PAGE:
"I make it a rule," the Plynck was saying, as Sara dropped the curtain behind her the next morning, "to fly around the fountain at least twice every day." As she spoke, she reached out and took, from a bundle that lay within easy reach in a crotch of the Gugollaph-tree, something that looked like a little ivory stick. She snapped it easily with one golden claw, dropped the fragments, and reached out with careless grace for another.

"Oh," breathed Sara, clasping her hands. And she could not help adding, shyly, "If I could only see you when you fly—Madame Plynck!"

Sara was very proud of herself after she had said that. She had never called anybody "Madame" before, but she had read it in books, and it seemed just the title for a creature so beautiful and gentle and stately as the Plynck. It seemed so suitable that it gave her courage to repeat, "If I could only see you fly!"

"But I don't do it often, you see," answered the Plynck, quietly.

"Why—!" exclaimed Sara. "I thought you just said—" Not for worlds would she have seemed rude or impolite to the Plynck, but she was completely puzzled.

The Plynck looked very kind. "I said I make it a rule," she said, gently. "I didn't say—you explain it to her," she said suddenly to her Echo in the pool, who had been looking on with rather an amused expression.

The Echo fluffed out her deep blue plumes a little and took up the task. "What are rules for, my dear?" she began.

"Why—to keep, I guess," ventured Sara, a little flustered. "Aren't they?"

The Echo glanced up at the Plynck with a twinkling smile. "Do you hear that?" she asked. "Bless the child! She says rules are made to keep!" She laughed to herself a little longer, then she turned to Sara more soberly. "As far as your country is concerned, my dear, you are doubtless right, and I suppose it's important for you to keep that fact in mind. But here it's very different. Our rules are made to break. Don't you hear the Plynck breaking them?"

So that was what she was doing! For the first time, Sara understood why she had so enjoyed the delightful little snapping sounds, which made her think of corn dancing against the lid of a corn-popper—or of the snapping of little dry twigs under the pointed shoes of a brownie, slipping through the woods alone on Christmas Eve. She thought it was the most completely satisfying sound she had ever heard. She thought, too, that the broken rules under the tree made a charming litter, and wished that the Gunki who were raking them up would leave them there instead. But they went on piling them into wheelbarrows and trundling them down the road toward the smithy.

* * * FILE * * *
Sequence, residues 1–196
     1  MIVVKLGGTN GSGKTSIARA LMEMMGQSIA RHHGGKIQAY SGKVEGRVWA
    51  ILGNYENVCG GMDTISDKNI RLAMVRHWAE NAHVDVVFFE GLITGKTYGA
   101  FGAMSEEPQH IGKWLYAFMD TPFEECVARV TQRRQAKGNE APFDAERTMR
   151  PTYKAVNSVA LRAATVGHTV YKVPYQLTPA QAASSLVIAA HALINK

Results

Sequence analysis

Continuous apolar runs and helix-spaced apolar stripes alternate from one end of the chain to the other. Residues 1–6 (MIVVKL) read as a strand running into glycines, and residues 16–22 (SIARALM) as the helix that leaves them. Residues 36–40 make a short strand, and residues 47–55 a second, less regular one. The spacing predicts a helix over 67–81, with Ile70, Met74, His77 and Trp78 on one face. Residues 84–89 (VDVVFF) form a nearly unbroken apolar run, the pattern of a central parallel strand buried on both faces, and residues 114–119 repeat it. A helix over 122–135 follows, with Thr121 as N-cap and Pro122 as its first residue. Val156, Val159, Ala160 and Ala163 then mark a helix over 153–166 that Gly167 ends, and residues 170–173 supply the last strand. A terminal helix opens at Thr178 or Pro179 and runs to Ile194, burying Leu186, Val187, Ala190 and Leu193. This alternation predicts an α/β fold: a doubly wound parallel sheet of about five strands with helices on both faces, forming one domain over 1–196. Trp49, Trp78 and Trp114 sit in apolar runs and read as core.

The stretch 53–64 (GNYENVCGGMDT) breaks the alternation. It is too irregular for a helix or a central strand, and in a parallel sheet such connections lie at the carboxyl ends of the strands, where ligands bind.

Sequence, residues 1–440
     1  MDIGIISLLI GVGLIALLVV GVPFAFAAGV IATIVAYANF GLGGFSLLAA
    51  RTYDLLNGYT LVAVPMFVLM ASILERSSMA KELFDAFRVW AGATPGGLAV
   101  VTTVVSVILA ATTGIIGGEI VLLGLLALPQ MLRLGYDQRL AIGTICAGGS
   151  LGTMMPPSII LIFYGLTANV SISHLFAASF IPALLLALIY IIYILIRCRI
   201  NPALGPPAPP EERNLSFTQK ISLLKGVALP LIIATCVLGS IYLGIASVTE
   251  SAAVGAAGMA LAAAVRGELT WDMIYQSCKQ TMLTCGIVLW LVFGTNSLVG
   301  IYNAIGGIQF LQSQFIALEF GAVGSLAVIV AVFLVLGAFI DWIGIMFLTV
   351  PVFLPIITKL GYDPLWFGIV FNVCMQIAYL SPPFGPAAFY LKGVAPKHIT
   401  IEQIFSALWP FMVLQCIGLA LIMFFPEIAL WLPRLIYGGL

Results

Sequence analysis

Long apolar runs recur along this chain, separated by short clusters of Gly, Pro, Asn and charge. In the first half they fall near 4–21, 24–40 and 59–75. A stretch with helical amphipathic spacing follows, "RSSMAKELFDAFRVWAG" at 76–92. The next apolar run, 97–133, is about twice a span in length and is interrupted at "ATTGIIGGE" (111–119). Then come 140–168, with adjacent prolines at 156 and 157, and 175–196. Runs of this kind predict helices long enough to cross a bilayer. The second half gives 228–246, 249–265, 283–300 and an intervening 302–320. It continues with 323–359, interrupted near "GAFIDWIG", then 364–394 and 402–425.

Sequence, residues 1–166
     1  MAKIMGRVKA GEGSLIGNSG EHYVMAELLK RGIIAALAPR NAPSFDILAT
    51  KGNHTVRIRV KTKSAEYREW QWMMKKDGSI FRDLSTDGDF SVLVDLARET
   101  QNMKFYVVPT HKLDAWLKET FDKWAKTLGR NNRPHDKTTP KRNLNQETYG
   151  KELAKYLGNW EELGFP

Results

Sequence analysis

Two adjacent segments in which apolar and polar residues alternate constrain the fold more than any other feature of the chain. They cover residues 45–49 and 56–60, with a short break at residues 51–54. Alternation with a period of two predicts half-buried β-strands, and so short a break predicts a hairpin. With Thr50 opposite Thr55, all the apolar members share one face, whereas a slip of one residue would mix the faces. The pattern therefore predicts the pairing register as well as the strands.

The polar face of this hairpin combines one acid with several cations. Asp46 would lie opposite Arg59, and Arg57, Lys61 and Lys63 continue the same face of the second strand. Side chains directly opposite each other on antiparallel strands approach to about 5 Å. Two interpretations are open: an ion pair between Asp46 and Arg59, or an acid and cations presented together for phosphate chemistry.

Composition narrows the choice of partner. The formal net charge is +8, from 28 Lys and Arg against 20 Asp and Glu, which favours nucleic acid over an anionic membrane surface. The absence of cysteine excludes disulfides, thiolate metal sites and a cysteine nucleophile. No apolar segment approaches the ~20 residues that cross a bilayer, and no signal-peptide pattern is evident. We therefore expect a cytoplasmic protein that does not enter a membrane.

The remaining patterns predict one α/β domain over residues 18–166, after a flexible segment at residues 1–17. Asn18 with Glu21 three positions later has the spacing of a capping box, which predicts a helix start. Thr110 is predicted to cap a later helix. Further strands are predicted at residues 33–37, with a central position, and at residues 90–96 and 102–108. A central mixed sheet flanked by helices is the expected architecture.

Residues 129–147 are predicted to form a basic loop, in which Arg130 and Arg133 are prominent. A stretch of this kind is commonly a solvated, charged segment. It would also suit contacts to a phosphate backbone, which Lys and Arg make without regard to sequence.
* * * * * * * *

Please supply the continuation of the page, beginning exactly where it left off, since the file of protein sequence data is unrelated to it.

"They are taking them to be mended," said the Echo of the Plynck, who had been watching her. "We believe in conservation, you see. Schlorge mends them one day, and she breaks them the next, and so we usually have plenty."

Sara was charmed. But as she stood gazing at the Plynck she remembered what she had heard her say as she came in. "Will—will she fly?" she whispered to the Echo.

"Well, I don't know," said the Echo of the Plynck. "There's a rule that she must, and so it's quite an effort. And there's a rule that she must not sit on that particular branch of the Gugollaph-tree. So of course she usually sits there. You wouldn't think, yourself, that she'd want to sit there, day after day, if there wasn't—would you?"

Sara was speechless; she was wondering why anything that seemed so reasonable and familiar should sound so strange. But it was a blissful wonder, and she stood spellbound, while the sound of breaking rules continued to fall with an enchanting effect upon the still air of the Garden. All at once she was startled nearly out of her wits by the Plynck, who dropped an unbroken rule and shrieked,

"Look! Be careful! Oh, dear, oh, dear, it's in!"

"Oh, what is it?" cried Sara, afraid to move, yet longing to clap her hand to her cheek; for she knew by a sudden terrible tickling there that something had happened to her southwest dimple—and she had meant to be so careful! And yet she had allowed herself to get so interested in the talk of the Plynck and her Echo that she had walked right past Schlorge's beautiful dimple-holder. "What is it?" she cried, jumping up and down. "Oh, what is it?"

"It's one of the Zizzes!" cried the Plynck. "Where are the forceps? Run for Schlorge—won't somebody please run for Schlorge?"